General Assembly approves fewer tests with less influence on teacher evaluations

Educators are heralding the passage Thursday of Senate Bill 364, which reduces both the number of tests and the impact on teacher/principal evaluations. (Check out the upcoming Sunday AJC as I wrote an editorial on the bill.)

As the AJC’s Ty Tagami reports this morning:

Senate Bill 364 would reduce the amount of testing tied to teacher performance and lessen the weight of the results in their evaluations.

Student test “growth” — the change in scores over time — currently counts for at least half of each evaluation, but that would drop to 30 percent under the legislation. The bill also would reduce the number of Georgia Milestones tests from 32 to 24.

Proponents say the changes would result in less exam preparation and rote learning, but critics say schools would find it harder to identify weak teachers.

A version of the bill was adopted unanimously by the Senate in February. The House amended it, then passed it unanimously and returned it to the Senate to approve the changes. The bill’s main sponsor, state Sen. Lindsey Tippins, R-Marietta, agreed to the changes and got a 47-2 vote of final approval Thursday.

Here are some reactions this morning:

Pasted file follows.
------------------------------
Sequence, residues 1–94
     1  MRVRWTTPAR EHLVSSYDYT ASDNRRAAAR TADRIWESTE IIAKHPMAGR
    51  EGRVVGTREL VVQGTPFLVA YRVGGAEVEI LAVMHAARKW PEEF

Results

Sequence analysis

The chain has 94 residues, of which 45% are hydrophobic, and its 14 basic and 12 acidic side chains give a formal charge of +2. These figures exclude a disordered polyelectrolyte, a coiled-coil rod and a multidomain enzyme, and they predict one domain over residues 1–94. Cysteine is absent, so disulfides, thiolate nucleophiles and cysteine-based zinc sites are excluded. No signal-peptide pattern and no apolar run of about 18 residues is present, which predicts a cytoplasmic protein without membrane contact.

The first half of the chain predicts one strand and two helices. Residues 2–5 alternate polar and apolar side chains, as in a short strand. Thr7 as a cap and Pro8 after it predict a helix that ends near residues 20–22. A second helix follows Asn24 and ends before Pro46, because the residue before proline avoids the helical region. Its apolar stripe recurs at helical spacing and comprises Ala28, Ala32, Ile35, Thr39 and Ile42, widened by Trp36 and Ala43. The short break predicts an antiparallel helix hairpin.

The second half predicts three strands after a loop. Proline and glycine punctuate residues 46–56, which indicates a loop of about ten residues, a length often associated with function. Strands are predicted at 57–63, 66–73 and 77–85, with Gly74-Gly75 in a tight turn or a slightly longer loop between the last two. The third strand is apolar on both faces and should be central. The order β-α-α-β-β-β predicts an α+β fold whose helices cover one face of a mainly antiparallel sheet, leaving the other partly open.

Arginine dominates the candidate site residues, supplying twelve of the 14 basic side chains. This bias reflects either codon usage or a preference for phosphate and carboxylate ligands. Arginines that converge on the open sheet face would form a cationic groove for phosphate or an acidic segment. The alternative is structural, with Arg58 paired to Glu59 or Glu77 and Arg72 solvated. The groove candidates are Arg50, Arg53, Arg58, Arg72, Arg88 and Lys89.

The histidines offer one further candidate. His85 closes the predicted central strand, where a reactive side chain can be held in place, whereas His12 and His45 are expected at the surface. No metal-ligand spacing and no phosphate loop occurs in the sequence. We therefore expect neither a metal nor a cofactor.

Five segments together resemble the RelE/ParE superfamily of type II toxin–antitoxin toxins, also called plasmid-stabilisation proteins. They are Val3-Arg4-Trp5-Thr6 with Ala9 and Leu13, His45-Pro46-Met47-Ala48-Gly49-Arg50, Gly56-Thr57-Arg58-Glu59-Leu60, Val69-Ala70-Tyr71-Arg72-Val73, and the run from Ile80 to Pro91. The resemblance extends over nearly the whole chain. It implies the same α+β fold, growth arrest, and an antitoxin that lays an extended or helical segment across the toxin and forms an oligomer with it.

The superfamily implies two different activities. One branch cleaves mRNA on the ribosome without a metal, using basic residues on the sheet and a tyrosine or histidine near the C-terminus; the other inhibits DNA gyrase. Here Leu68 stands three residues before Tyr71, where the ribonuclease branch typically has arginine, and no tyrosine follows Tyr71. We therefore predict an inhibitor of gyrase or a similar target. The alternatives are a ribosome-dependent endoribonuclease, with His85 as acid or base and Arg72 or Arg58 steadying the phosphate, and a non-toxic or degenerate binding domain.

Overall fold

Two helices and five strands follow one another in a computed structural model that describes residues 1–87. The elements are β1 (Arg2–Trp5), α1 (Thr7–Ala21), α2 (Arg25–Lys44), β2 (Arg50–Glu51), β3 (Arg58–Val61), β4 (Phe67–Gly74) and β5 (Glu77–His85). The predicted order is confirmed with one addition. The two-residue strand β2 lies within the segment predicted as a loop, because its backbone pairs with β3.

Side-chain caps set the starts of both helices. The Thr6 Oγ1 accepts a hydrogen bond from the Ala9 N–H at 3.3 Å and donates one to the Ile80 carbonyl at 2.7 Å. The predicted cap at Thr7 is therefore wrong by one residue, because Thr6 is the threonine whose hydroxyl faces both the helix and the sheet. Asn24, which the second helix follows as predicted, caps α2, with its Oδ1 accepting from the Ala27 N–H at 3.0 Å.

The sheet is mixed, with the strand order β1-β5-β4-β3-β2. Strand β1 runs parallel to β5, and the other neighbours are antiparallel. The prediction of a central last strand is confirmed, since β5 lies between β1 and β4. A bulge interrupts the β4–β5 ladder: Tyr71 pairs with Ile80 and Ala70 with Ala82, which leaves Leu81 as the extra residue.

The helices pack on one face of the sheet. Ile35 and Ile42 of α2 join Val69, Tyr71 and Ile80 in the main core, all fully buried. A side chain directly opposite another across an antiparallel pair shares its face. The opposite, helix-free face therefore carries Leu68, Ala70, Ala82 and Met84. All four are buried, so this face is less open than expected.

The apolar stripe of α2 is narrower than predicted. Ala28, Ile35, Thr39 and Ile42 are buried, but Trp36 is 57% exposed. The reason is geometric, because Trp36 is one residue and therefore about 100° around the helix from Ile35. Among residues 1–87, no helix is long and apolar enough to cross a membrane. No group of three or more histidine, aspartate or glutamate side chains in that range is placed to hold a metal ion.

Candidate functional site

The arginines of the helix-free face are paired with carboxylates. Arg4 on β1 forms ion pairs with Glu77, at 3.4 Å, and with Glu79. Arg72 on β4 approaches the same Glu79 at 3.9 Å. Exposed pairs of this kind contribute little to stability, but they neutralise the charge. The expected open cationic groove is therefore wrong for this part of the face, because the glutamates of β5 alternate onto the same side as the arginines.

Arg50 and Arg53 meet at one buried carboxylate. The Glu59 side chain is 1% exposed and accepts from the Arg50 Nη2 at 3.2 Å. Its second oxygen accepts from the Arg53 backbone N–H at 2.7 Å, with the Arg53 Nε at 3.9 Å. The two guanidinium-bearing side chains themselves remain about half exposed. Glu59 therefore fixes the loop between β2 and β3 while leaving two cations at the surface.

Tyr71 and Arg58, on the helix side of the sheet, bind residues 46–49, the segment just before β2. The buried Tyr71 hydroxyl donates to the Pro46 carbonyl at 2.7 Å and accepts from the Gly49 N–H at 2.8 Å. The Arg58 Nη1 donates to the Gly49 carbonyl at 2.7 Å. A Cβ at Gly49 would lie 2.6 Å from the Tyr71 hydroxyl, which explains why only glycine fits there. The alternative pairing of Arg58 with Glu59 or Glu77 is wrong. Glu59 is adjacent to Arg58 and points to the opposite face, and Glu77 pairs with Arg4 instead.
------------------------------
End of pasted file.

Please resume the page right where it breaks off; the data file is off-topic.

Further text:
A former district superintendent urges Georgia teachers to speak out against legislative efforts to weak public education. (AJC Photo)

The Legislature passed a sweeping reform bill focused on tests and their role in educator evaluations. (AJC Photo)

State School Superintendent Richard Woods:  I commend the state Senate and House of Representatives for passing Senator Lindsey Tippins’ bill – SB 364 – because it reflects many of the issues I’ve felt all along are burdensome to student learning and the recruitment and retention of our best teachers. Reducing the number of state-mandated tests students must take, and reducing the percentage that student test scores count for teachers’ and leaders’ evaluations, are common-sense moves toward allowing our teachers to be creative and teach rather than focus on a test. We must support these actions for the future of our students and the future recruitment and retention of our best teachers.

Georgia Association of Educators President Sid Chapman: For the first time in many sessions, we feel that legislators gave public education its due and presented our children and educators with some wins. GAE worked with Sen Tippins from day one to ensure the bill addressed our issues. It is definitely a big step in the right direction. Public educators all over the state have every right to rejoice as the legislature acknowledged the need for a better way of evaluating Georgia’s teachers. GAE would like to thank Sen. Tippins for recognizing how unfair and subjective the current process was and his willingness to listen and work with us. We’d also like to thank the members of the House and Senate Education Committees for their unanimous support on this issue.

Reader Comments 0

9 comments
redweather
redweather